We need, if necessary, to go against the current educational culture, which lives off the illusion of social prestige and undermines the real abilities and skills of entire generations by placing them on educational paths that are not commensurate with their capabilities and development.
The state must implement changes in this system and act to promote a culture of technical education with a view to underlining its importance for the future.
The system must promote creativity, and it must remove the stigma that sometimes sticks to technical subjects and agriculture, despite their very evident importance.
Many factors have contributed to this problem, with psychological factors often determining society’s view of graduates from certain colleges.
We are all familiar with responses to a student who wants to study philosophy, for example, who will be asked what he will do with this degree after he has graduated.
Even if we agree with this kind of financial accounting, it is not clear that some specialisations in industry do not have higher financial returns than the Faculty of Engineering’s Mathematics Department, which at the moment has far greater prestige.
In the first half of the 20th century, the Faculty of Law was Egypt’s top college because it graduated future ministers. Today, when money has become ever more important, the Faculties of Engineering and Medicine come out top.
In other countries, on the other hand, the top colleges may be different, since in a country carrying out a lot of scientific research it will be the faculties of science that are the top colleges.
Such factors thus include community perceptions, expected financial returns and career prospects. But the community should not despise a profession just because it comes lower down the list or over-value another because it comes at the top.
The ranking we have in Egypt is based on societal outlook, then professional future, and then material returns, the proof being the high unemployment rates among engineers and doctors.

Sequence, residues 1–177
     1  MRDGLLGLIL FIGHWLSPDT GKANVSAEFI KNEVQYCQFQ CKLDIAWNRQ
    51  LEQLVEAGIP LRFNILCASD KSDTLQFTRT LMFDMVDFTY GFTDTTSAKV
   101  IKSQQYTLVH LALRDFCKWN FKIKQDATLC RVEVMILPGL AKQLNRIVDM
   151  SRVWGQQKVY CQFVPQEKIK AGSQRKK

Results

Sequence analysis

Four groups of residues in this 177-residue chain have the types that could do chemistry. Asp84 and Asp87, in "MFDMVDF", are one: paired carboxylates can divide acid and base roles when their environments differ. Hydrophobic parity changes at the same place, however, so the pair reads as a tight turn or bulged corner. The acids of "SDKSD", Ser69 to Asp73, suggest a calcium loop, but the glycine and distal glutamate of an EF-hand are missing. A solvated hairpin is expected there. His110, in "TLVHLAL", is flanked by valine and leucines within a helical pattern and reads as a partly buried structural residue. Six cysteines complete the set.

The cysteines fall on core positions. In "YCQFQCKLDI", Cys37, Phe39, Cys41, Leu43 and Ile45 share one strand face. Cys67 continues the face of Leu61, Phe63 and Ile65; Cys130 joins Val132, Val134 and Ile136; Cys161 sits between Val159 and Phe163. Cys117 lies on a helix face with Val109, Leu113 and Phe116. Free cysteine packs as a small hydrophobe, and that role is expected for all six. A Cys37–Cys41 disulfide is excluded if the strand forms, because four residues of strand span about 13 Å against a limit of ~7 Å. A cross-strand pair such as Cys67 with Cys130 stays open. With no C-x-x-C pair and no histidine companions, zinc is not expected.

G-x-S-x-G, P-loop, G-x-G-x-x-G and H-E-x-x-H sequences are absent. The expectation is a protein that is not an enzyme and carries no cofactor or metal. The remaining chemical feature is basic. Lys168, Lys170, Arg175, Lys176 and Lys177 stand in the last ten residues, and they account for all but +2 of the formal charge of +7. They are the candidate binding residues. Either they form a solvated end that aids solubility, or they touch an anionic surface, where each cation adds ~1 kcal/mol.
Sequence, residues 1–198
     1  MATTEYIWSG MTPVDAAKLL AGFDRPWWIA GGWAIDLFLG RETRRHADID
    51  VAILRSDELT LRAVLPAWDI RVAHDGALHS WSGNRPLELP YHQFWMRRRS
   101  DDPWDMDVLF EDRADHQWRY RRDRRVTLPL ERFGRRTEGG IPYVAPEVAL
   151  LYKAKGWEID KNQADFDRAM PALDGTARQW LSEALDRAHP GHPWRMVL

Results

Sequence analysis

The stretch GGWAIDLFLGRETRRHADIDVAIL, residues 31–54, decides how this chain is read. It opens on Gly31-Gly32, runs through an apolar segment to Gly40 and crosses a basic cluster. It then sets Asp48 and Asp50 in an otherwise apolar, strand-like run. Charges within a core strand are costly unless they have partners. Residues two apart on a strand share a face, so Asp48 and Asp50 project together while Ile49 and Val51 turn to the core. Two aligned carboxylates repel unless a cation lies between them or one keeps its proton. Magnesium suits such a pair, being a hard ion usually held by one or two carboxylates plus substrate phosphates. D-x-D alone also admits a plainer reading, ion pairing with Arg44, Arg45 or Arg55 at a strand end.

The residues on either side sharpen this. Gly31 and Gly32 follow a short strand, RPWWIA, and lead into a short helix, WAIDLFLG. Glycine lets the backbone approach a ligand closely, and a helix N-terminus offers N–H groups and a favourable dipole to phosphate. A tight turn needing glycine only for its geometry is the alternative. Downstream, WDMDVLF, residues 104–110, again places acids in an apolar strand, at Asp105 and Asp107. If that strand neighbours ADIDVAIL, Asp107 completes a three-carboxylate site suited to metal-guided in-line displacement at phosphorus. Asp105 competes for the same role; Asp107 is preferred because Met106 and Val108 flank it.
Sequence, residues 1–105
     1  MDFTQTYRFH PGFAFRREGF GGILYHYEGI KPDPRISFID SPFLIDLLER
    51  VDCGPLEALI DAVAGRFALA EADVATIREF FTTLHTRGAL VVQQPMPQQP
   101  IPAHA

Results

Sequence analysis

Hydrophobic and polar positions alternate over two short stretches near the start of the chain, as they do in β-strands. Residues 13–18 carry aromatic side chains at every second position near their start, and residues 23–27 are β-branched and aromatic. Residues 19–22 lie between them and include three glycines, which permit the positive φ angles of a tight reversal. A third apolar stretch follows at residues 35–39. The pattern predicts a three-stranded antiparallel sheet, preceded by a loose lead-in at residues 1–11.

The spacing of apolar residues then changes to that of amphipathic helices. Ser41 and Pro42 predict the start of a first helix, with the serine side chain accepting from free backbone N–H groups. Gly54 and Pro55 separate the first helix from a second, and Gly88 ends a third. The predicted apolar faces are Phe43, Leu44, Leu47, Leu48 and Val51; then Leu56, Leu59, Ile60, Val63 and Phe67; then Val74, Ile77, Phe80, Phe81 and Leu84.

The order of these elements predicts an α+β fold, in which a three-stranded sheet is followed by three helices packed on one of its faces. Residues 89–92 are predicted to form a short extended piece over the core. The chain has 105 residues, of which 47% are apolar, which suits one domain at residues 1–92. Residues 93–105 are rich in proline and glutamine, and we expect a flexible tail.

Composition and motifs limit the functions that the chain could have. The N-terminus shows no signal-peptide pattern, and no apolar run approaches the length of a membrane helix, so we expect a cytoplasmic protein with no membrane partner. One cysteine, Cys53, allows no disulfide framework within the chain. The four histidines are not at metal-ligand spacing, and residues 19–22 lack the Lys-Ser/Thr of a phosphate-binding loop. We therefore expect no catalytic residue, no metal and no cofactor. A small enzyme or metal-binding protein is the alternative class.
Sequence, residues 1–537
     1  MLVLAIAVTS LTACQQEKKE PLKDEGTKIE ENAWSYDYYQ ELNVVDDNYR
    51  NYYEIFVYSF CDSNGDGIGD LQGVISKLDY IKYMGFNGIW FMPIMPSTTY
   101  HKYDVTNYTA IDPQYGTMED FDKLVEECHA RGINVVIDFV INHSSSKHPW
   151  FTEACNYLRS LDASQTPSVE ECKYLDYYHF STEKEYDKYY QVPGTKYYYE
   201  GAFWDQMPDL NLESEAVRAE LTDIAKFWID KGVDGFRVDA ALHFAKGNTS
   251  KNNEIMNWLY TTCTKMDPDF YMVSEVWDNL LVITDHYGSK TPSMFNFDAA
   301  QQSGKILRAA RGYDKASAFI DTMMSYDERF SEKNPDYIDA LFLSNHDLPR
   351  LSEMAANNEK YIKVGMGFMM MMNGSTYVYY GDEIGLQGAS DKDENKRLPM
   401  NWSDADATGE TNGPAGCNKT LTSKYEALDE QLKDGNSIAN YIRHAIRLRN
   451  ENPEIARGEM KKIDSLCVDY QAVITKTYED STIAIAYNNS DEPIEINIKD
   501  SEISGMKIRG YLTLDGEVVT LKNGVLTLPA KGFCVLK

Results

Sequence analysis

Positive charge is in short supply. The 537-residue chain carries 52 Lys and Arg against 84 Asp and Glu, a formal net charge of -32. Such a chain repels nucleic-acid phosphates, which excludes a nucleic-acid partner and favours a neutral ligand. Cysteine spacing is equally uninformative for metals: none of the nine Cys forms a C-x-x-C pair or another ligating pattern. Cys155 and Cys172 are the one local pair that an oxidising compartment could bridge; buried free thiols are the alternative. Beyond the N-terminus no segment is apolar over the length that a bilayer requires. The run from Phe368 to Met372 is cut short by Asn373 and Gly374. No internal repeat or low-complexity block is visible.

Many university graduates also accept jobs as teaching assistants at universities with little financial return because these jobs have a glamour attached to them despite their lack of financial rewards.
The advice we often give to students is “do what you love as a hobby but enter a college in the footsteps of your father or relatives.” My opinion, however, is different: enter the college you love and not one of the so-called top colleges.
If you study what you love, you will study with pleasure on the condition that you love this area of knowledge and are willing to spend part of your life on it.
Your enthusiasm will gain the acceptance of the community, and your success in it will be accorded respect. As for the material factor, creativity lies not only in the field of specialisation itself, but also in way in which it is marketed.
In short, it is time we speak not about the development of education but about self-development and what we need to do in order to escape from the web of customs and traditions that still holds us back.
We need to talk more about openness to the rest of the world and the technologies of the future, including artificial intelligence which could eliminate many careers and create new ones.
Excellence is a positive thing in any field, and we have to be careful to achieve it. But excellence means developing skills in fields that have been chosen for good reasons, and not just because they are offered in top colleges.
* The writer teaches in the Faculty of Arts at Menoufiya University and is a former visiting professor at Wake Forest University in the US.
*A version of this article appears in print in the 22 August, 2019 edition of Al-Ahram Weekly under the headline: The culture of education in Egypt